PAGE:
Then comes an unmistakable creak, and I spot an aluminum ladder leaning against a wall. There, high on the rickety ladder, deftly blending into the background of boxes like some ancient tree-lizard, slouches a bent old man—perfectly still—holding a clipboard and apparently deep in thought.
I walk over to the ladder and repeat my greeting. Shuffling some boxes, the old man makes no response. I ask him if he’s Mayor Howard Bolognese. Still no response.
Then I decide to join in this game. I stand perfectly still, trying to blend my brown coat into a rack of camouflage pants behind me.
Minutes drag by during a loud, intense silence familiar to anyone who’s ever frequented a library’s rare-books reading room: I can actually hear his labored breathing. Finally, either impatient with my refusal to leave the store or satisfied that I’m an ineffectual chameleon, he turns his wrinkled head in a reptilian swivel to peer down in my vicinity. He has the same sour mug as his campaign poster: the classic constipated grimace—a failed attempt at a grin—common to Southern small-town politicians ever since Reconstruction.
Without actually looking at me, but rather in my general direction, he says coldly, “I’ve been mayor for eight terms—two years each at different times—I can’t remember the years.” Then he returns to his work, mumbling, “I thought you were a panhandler—why don’t you go get yourself a haircut at one of our barbershops here in town?”
“Where’s a good one?” I say, playing along yet again. But apparently he’s dead serious about the haircut: “There’s a pretty good one a few doors down,” he says. “We’ve got five or six here in town.”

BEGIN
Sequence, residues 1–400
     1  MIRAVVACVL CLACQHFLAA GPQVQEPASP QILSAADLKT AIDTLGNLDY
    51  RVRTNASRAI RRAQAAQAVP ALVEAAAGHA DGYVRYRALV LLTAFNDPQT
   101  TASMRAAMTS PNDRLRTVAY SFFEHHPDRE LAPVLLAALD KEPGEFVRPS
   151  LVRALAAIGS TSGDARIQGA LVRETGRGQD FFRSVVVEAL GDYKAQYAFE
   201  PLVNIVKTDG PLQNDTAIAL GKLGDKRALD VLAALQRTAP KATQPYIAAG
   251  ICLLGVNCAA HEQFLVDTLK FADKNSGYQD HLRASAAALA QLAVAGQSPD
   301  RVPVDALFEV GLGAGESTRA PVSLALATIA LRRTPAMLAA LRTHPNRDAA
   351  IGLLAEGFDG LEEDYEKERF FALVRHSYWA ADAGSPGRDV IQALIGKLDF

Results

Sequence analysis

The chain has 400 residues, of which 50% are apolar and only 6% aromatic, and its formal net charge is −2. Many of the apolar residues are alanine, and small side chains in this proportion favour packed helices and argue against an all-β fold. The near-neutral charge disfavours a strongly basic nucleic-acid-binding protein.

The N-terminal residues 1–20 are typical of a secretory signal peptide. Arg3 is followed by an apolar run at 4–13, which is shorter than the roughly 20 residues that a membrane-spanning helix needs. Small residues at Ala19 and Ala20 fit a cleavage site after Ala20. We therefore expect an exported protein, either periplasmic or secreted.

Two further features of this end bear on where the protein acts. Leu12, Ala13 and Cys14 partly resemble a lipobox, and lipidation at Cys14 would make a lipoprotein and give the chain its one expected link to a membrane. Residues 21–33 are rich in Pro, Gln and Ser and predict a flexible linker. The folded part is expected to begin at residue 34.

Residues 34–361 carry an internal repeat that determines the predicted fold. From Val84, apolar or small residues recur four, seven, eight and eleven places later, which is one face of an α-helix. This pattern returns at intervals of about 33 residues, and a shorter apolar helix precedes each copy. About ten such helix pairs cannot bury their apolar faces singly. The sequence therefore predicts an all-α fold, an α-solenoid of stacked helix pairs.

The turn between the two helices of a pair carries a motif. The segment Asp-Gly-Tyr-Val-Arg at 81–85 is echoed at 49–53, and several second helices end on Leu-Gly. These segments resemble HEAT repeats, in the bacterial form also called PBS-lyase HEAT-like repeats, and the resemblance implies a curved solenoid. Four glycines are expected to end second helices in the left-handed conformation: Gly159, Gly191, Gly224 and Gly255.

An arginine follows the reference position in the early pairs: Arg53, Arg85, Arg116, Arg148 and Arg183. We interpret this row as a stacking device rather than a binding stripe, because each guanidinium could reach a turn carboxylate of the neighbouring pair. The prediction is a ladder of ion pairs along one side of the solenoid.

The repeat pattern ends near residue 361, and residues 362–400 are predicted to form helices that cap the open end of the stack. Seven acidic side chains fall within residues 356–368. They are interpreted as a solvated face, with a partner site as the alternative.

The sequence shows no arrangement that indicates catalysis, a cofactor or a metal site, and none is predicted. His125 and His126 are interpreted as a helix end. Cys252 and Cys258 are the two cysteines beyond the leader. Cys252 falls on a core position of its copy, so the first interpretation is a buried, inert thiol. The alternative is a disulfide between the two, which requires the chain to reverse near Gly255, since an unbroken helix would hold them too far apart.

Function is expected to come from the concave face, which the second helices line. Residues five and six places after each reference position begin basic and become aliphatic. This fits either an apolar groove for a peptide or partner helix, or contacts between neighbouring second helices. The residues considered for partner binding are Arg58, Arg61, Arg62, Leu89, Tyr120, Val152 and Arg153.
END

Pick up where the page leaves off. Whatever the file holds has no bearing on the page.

I ask him how his town is doing in the offhand manner in which one inquires about the weather. A distinct whiff of paranoia drifts through the store, as distinct as the dusty odor of the place. Again, his reply comes only after a long, protracted pause as he continues checking his stock. “It’s slow everywhere right now, not just in Quantico. But we’re doing pretty good.”
He takes down a box, peers inside, and puts it back; he repeats this ritual with a half-dozen boxes, fooling with all sorts of medallions, pins, and Marine mementos. An inventory hound of the old school, no doubt.
“This town’s going to be OK,” the mayor gravely announces to his wall of boxes. “We’re going to improve it the best we can, get the residents to upgrade their properties so we can bring better residents into town”—and then, for the first and only time he looks me directly in the eyes—“you know, a better quality of people.”
He slowly climbs down from the ladder and scuttles away from me, evidently terminating our discussion. Speaking toward his stooped back, I tell him I’m interested in the history of Quantico and the store. Without turning, he says his father, Angelo, was a tailor and haberdasher. “We’ve been here since 1918,” he says, ruffling through stacks near the bulky old cash register. “Didn’t you get a brochure on Quantico?” He holds out a yellow folded paper. “Here’s a good history. This will help you more than I can.”
Bolognese maneuvers his way to a cluttered desk in the back corner of the store; it’s obvious he’s got nothing more to say. I glance at the “Welcome!” brochure: “Like lively ghosts from the yellowed pages of our dusty past, the names and places of our history romp through our memories as we tour the Historic Town of Quantico….” Nothing about how the town died.
As I leave the store, the old man’s on the phone, wheeling and dealing: “Hey, it’s Bolognese. How ya doing, buddy? I need a couple items from the catalog.”
I duck into a souvenir shop a few doors down. It has a huge poster for military dog tags: “‘Property of a U.S. Marine’—Give your girlfriend her own set!” I receive the same icy treatment: “Wanna know about the town?” asks the manager, stacking a pile of Marine T-shirts that say, “Pain Is Weakness Leaving the Body.” “There’s brochures over by the cash register.”